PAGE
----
Most construction workers and site managers are very familiar with the personal protective equipment (PPE) that helps prevent workplace injuries to the head, eyes, respiratory system and other vulnerable areas of the body.
OSHA, the U.S. agency that mandates the use of PPE on construction projects and in other work environments across a multitude of industries, also requires employers to train workers on how to use the equipment appropriately. The agency can dish out major fines if employers don't take this important step,
So, those in the construction industry are used to seeing packaging with instructions about how to use respirators and other face coverings, even as this type of PPE has come into play in the general population as people try or protect themselves from the novel coronavirus.
The instructions available for 3M's N95 respirator, for example, offer a brief, step-by-step tutorial, complete with photos, on how to don the equipment and make sure it's sealed against the wearer's skin. The material also comes with information about which OSHA standard the respirator meets and against which contaminants it protects. The packaging itself also comes with instructions.
Not so for other types of fabric face coverings that contractors have been buying and wearing as protection against the coronavirus. Generally, it's been a free-for-all as far as the types of masks available, whether professionally manufactured or homemade. The accompanying advice on how to wear them and how well they protect the wearer varies as well.
But that could be about to change.
The PPE industry, led by safety standard organization ASTM International, is working on a standard that would specify design and performance criteria for reusable masks. The group, established in July, aims to set requirements for:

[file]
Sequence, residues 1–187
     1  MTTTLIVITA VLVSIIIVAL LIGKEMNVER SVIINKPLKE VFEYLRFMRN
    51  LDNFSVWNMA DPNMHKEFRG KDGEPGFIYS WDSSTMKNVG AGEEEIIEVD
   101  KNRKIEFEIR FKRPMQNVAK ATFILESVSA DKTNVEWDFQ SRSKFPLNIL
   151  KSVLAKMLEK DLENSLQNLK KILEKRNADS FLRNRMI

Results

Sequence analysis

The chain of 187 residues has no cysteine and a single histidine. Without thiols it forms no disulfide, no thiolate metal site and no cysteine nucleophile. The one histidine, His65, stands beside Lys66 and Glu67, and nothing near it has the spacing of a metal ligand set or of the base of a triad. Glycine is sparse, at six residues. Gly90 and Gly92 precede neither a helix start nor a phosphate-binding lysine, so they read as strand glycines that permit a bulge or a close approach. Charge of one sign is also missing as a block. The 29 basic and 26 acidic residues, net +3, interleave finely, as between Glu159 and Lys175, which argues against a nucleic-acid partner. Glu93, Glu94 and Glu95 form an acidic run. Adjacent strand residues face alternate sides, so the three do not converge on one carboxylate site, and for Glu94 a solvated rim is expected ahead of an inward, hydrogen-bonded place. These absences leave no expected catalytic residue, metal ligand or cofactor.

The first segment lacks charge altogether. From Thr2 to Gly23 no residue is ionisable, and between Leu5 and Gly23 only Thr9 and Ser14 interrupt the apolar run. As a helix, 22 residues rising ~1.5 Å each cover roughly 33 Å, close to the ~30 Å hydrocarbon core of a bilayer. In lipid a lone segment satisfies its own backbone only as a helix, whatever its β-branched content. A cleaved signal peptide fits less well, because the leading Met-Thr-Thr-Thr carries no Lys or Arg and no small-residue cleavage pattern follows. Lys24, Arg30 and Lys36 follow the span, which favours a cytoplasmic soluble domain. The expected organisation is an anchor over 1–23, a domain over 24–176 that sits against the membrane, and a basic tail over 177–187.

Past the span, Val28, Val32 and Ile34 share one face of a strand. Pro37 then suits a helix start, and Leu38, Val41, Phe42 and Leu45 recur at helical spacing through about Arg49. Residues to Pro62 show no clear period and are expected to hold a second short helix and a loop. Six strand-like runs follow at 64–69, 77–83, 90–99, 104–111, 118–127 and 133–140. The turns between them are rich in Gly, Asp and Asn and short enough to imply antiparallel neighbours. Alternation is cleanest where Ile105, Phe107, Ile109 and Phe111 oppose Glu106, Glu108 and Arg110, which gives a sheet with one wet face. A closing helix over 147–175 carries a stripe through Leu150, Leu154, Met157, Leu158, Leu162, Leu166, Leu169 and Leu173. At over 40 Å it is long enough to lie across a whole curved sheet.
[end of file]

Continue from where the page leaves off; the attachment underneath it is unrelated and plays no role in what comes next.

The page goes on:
- The general construction of masks.
- How the mask is secured to and stays affixed to the user's head.
- How well masks filter out bacterial and solid particulates.
- Inhalation and exhalation breathing resistances.
- Size and fit testing.
- Affixing and removing masks, sizing, cleaning and recommended period of use.
The group is also working to establish how much of this information would be displayed on mask packaging. The standard would not supplant current mask requirements for healthcare workers nor OSHA industry standards.
There have been previous studies about how well widely available masks protect wearers from the novel coronavirus. The general findings have been that thick fabric and a tight fit make for a more effective mask regardless of whether it is handmade or store-bought.
And the ASTM's goal is in alignment with the Centers for Disease Control and Prevention's (CDC) previous statements that masks for the general public primarily should reduce the number of particles emanating from the user but also should provide the wearer with some protection against inhalation of these particles.
Beyond just general recommendations, the ASTM working group said that a national standard that specifies mask design and performance characteristics could help provide a "level playing field" for consumers as they try to find a suitable face covering. There is no official timeline for the development of the standard.
Making sure mask manufacturers abide by some future standard and accurately identify how well their masks protect against the novel coronavirus, however, is another matter.
The ASTM does not enforce its standards. For mask producers to be held legally responsible for meeting the standard, the appropriate governmental agencies must give them weight by including them in applicable codes, laws or regulations. Then, just as with OSHA standards and consumer protection laws, mask producers could be forced to accurately report how well their products protect the public.
In the construction industry, face coverings to prevent the spread of COVID-19 are recommended and even required on most jobsites and 67% of respondents to a recent Construction Dive survey said that they are an important means of protection.